The Owls are set up nicely at defensive end, though, with Praise Martin-Oguike and Haason Reddick back for their senior seasons.

Martin-Oguike had 30 tackles, four sacks and an interception last season. Reddick, a former walk-on from Camden and Haddon Heights High School in South Jersey, made noise last season with 45 tackles and five sacks, all while paying his own way to school without a scholarship.

“I got here and he wasn’t even on the team,” Rhule said of Reddick on Tuesday. “All he’s done is battle for his spot. He played last year at an all-conference level while not being on scholarship.”

Reddick was put on scholarship after last season. During this preseason camp, he was awarded jersey No. 7, an achievement as the Owls annually award single-digit jersey numbers to those voted toughest by teammates.

Sharif Finch, who had an interception against Penn State last year, is also in the mix on the defensive line.

The cornerback situation is a bit more unsettled at this point.

After last season, the Owls seemed set there with star Sean Chandler, who had four picks in 2015 and returned two of them for touchdowns. But the staff decided to move Chandler, a junior, to safety during the offseason to better utilize his athleticism and because it felt it would be the better position for his pro prospects going forward.

What’s left at corner after Chandler’s move is a mish-mash of depth. There’s no shortage of players who have the potential to make an impact, according to Rhule.

Redshirt senior Nate Hairston and redshirt junior Artrel Foster both saw time there last season and played well. Redshirt sophomore Derrick Thomas and redshirt freshman Kareem Ali are also in the mix.

But it sure sounded Tuesday like Rhule is waiting for one or two of them to stand out during the early part of the season.

“Thomas is playing at a high level. Foster was playing at a really high level but he just has some nicks right now, so he’s fighting to get back. Hairston is coming on and Ali is coming on, too,” Rhule said. “I think our corners, we feel like we have a lot of depth.

“The thing about playing corner is you have to get beat. You have to go into a game and really get beat and then respond to it. We have a lot of guys who have the talent to do it, they just haven’t gone into a game and got run by yet. How they respond is a true marker of how they are as a corner.”

The cornerback question may not get an answer for a couple of weeks, at least. Army runs the triple-option offense and rarely throws. On the schedule after Army is Stony Brook, an FCS squad.

That leaves the Sept. 17 game vs. Penn State at Beaver Stadium as the first true test for Temple’s corners. And for the defense as a whole.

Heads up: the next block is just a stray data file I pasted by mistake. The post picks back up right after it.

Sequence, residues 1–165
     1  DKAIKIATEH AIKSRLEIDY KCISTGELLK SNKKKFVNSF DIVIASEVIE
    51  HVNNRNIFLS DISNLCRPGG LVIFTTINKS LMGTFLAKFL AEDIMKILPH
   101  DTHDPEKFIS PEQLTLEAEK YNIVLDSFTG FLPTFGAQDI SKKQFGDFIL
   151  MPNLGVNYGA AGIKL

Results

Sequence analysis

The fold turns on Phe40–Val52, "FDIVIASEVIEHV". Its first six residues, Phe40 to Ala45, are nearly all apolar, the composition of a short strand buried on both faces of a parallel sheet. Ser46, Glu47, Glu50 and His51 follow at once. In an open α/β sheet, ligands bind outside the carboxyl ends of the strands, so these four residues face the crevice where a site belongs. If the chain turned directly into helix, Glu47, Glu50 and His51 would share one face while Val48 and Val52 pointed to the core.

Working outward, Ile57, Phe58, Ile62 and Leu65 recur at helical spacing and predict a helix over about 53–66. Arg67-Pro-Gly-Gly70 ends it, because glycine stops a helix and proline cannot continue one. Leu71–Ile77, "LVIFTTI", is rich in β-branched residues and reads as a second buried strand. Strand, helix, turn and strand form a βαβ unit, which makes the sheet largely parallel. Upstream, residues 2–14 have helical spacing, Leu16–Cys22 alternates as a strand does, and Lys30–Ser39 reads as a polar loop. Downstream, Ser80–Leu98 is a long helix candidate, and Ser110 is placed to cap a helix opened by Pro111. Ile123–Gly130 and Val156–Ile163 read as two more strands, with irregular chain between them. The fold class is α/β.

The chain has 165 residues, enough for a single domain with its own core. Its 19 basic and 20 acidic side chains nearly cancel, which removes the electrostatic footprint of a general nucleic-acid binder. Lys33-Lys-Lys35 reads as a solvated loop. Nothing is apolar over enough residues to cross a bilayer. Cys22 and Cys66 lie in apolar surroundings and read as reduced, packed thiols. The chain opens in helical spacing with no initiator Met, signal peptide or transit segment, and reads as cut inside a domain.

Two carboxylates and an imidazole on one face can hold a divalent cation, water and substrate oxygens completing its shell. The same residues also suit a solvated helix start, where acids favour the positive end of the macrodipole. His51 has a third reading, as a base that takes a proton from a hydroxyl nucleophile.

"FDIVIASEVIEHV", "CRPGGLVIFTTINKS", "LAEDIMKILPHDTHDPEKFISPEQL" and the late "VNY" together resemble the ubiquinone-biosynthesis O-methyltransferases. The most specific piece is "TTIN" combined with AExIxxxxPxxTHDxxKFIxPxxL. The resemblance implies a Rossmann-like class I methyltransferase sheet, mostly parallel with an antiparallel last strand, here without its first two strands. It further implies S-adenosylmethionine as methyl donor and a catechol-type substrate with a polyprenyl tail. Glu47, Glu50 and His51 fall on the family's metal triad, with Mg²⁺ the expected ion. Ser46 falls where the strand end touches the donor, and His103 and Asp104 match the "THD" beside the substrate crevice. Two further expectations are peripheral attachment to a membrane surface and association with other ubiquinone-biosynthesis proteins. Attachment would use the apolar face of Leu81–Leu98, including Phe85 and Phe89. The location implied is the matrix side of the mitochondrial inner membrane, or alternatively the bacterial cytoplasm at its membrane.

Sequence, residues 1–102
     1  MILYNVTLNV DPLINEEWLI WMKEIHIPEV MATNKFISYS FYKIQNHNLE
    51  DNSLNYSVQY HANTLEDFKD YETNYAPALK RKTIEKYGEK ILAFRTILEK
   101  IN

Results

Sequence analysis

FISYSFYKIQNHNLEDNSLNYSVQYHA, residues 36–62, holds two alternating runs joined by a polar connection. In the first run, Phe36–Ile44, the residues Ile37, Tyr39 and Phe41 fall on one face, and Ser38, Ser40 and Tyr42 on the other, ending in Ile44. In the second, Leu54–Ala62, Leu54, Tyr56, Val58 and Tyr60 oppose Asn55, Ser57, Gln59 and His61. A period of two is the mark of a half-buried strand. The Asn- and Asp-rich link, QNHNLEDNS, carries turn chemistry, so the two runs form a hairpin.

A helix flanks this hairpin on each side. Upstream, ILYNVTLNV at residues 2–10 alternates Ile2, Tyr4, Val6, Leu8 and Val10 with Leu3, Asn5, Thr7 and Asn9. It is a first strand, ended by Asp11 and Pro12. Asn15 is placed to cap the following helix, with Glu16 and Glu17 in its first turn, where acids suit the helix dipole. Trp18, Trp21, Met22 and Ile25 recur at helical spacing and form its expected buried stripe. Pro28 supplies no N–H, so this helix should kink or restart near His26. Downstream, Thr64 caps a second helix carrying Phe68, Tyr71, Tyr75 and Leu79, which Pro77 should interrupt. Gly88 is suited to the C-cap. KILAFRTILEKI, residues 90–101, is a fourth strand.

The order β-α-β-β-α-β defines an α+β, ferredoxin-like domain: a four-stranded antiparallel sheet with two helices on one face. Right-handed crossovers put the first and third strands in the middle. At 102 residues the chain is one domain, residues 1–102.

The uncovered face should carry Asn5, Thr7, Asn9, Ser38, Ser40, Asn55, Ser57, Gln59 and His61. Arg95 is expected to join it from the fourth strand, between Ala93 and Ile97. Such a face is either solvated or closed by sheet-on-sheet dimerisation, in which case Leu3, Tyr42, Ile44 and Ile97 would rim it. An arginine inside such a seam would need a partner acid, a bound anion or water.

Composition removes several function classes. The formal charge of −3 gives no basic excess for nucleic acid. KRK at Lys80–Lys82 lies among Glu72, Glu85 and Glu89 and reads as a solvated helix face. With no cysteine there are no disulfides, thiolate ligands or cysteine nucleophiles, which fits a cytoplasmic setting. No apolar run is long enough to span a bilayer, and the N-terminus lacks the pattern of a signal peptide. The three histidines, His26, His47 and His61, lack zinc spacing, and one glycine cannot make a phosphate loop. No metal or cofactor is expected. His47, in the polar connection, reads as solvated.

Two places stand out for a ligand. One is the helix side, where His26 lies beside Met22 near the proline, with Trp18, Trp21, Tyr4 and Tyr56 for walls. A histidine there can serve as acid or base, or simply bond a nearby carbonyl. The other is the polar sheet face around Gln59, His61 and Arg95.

Temple basketball names Chris Clark assistant coach

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AP

Temple basketball names Chris Clark assistant coach

Chris Clark is back with the Owls.

The former Temple guard and team video coordinator was named an assistant coach to Fran Dunphy’s staff on Wednesday night.

“We are happy to have Chris Clark rejoin our staff,” Dunphy said in a release by the school. “He knows our system as a player and as a staff member last year. He also has extensive coaching experience, serving as an assistant at three different D-I programs. Chris has been successful at every stop in his career, and we look forward to having him back in the fold.”

Clark, a Philadelphia native, played for the Owls from 2004-08 and was a standout sixth man his senior season, helping lead Temple to a 21-13 record and Atlantic 10 conference championship. During the 2015-16 season, he served the Owls as their video coordinator. He left the program in April to join Drexel’s staff as an assistant.

“I am truly excited to be able to return to Temple as an assistant coach on Fran Dunphy’s staff,” Clark said. “Last season was special working at my alma mater as the video coordinator, but to now serve as an assistant is truly an honor. With that said, I want to thank Drexel head coach Zach Spiker for the opportunity to work on his staff, and his understanding through this process. I enjoyed my short time there and wish the program continued success.”

Trace McSorley named Penn State's starting quarterback

Trace McSorley named Penn State's starting quarterback

STATE COLLEGE, Pa. — Trace McSorley will start at quarterback for Penn State when the Nittany Lions open against Kent State on Sept 3.

Coach James Franklin settled on the sophomore after McSorley battled redshirt freshman Tommy Stevens for the job through the spring and summer.

"We're excited what he brings to our offense," Franklin said Wednesday. "I think the biggest thing is he's been the backup quarterback for two years. He has game experience and there's value in that. You've been able to see it already, you're not projecting as much."

McSorley will make his first career start at home against Kent State.

"It's a lot of weight off my shoulders," McSorley said. "Over the whole offseason, Tommy and I were pushing each other. This team will be better because of how this competition went with us pushing each other."

Both quarterbacks are strong runners, but McSorley's experience gave him the edge.

His shiftiness was utilized in practice throughout his tenure as Christian Hackenberg's backup. He usually led the scout team against the top defense, offering a similar look to the opposing running quarterbacks Penn State would play.

Although he's played sparingly on Saturdays in that time, McSorley saw meaningful snaps in Penn State's bowl game in relief of an injured Hackenberg. Then, McSorley completed 14 of 17 passes for 142 yards and two touchdowns, ran seven times for 31 yards and nearly led a comeback against Georgia.

Now, McSorley will try and turn around a unit that's ranked 105th and 114th in total offense the last two seasons. He'll do so in a spread-based offense designed for a mobile quarterback and led by new offensive coordinator Joe Moorhead.

"I think the best thing about the way he runs the ball is he's savvy," linebacker Jason Cabinda said. "He sets up his cuts. You play a guy who's a statue in the pocket and you cover well, he gets sacked. Now we have another element. Not only do you have to worry about covering guys, but when that four or five seconds is up there's that option of scrambling, another aspect of the play you have to worry about."